in An ethnography of NGO practice in India
Abstract only
Stewart Allen

education institution that the founder of the Barefoot College, Sanjit ‘BunkerRoy (henceforth Bunker), formed many of the relationships that were to sustain his vision of an integrated and professionalised rural development organisation with the aim of melding urban expertise with traditional rural know-how. Bunker Roy was born in the industrial city of Burnpur in West Bengal to an affluent Brahmo Bengali family (Winston 2015). His father was a mechanical engineer, while his mother, Aruna Roy, acted as a trade commissioner for India and Russia. From 1956 to 1962 Bunker

in An ethnography of NGO practice in India
Stewart Allen

objects and silent performers that help shape our lives. As noted previously, each country that the College works in is coordinated on the ground through a local NGO, representatives of which are persuaded and enrolled to the Barefoot approach through presentations and seminars given by Bunker Roy at various international development conferences. It was during one such conference in 2006 that Bunker met with the founders of a UK-based international non-profit-based organisation, and came to an agreement regarding the solar electrification of several villages in the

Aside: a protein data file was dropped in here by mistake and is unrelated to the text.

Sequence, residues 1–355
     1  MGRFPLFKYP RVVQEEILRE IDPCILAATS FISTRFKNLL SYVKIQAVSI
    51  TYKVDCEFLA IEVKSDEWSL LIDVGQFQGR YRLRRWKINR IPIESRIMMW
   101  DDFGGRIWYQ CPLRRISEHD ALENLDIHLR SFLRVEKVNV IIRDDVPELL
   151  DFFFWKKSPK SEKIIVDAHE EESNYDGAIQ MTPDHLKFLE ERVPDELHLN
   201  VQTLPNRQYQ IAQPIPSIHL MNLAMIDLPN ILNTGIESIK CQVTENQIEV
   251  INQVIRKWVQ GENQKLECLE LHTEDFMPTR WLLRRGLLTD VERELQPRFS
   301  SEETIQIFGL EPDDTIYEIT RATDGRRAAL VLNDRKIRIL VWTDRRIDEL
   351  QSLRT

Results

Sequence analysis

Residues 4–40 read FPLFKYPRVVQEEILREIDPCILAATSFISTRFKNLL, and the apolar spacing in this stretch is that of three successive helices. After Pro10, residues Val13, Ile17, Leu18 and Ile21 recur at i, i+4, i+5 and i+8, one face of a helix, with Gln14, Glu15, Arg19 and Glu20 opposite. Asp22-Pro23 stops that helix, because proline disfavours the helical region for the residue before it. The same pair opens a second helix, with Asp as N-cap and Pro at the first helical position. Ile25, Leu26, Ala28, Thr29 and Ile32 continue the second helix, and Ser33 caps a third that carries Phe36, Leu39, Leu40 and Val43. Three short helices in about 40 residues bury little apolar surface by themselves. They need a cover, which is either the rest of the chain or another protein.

in An ethnography of NGO practice in India
Abstract only
Stewart Allen

suppliers when periodic repairs were needed, Bunker Roy asked whether several members of his own staff might be trained in the maintenance of the systems. Following their established tradition of working with ‘appropriate technologies’ – that is, using technology that can be understood, operated and maintained by uneducated persons without the need for external assistance, a process they have termed the ‘demystification’ of technology – the College moved to becoming a village-level capacity builder in the manufacture, installation and maintenance of solar PV systems. On

in An ethnography of NGO practice in India
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The witnessing of development success
Stewart Allen

added reverence – hushed tones and discreet photographs were the norm. While the College welcomed these visits for the exposure they provided, they were not the highest profile visitors and certainly did not warrant the attendance of section heads, or indeed Bunker Roy himself. Rather, such appearances by senior staff were reserved for media appointments, or more rarely, visits from foreign and domestic dignitaries, such as the wife of the Bhutanese prime minister, the Prince of Wales or latterly the Dalai Lama. During these engagements, the trainees were encouraged

in An ethnography of NGO practice in India
Stewart Allen

modernist knowledge without due thought to understanding. Such teaching and learning methods serve to silence the woman and gain her acquiescence for the continued spectacle of the transformation of subaltern subject to modern subject. The manufacture of solar lanterns and lamps then occurs in parallel with the manufacture of subjects, the visibility of which is an essential component for the continuing success of the project. Neoliberal tigers Bunker Roy, director of the Barefoot College, has a knack for coining memorable phrases. He describes the African solar trainees

in An ethnography of NGO practice in India